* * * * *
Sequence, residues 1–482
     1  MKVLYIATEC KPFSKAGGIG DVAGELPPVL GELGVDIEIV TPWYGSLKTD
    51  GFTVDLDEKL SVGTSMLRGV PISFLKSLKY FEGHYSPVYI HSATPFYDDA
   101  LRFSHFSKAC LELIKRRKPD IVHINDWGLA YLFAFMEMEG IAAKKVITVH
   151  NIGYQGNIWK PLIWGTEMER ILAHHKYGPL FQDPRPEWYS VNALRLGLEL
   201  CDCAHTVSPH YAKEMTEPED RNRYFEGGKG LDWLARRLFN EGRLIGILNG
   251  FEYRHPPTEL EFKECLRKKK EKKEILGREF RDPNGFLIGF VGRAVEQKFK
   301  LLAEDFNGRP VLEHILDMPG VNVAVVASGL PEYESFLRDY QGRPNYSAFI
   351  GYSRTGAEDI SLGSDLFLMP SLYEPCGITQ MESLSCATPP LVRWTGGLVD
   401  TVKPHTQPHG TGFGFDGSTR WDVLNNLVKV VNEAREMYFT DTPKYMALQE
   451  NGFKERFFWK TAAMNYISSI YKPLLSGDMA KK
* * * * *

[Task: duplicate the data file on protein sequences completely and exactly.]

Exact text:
Sequence, residues 1–482
     1  MKVLYIATEC KPFSKAGGIG DVAGELPPVL GELGVDIEIV TPWYGSLKTD
    51  GFTVDLDEKL SVGTSMLRGV PISFLKSLKY FEGHYSPVYI HSATPFYDDA
   101  LRFSHFSKAC LELIKRRKPD IVHINDWGLA YLFAFMEMEG IAAKKVITVH
   151  NIGYQGNIWK PLIWGTEMER ILAHHKYGPL FQDPRPEWYS VNALRLGLEL
   201  CDCAHTVSPH YAKEMTEPED RNRYFEGGKG LDWLARRLFN EGRLIGILNG
   251  FEYRHPPTEL EFKECLRKKK EKKEILGREF RDPNGFLIGF VGRAVEQKFK
   301  LLAEDFNGRP VLEHILDMPG VNVAVVASGL PEYESFLRDY QGRPNYSAFI
   351  GYSRTGAEDI SLGSDLFLMP SLYEPCGITQ MESLSCATPP LVRWTGGLVD
   401  TVKPHTQPHG TGFGFDGSTR WDVLNNLVKV VNEAREMYFT DTPKYMALQE
   451  NGFKERFFWK TAAMNYISSI YKPLLSGDMA KK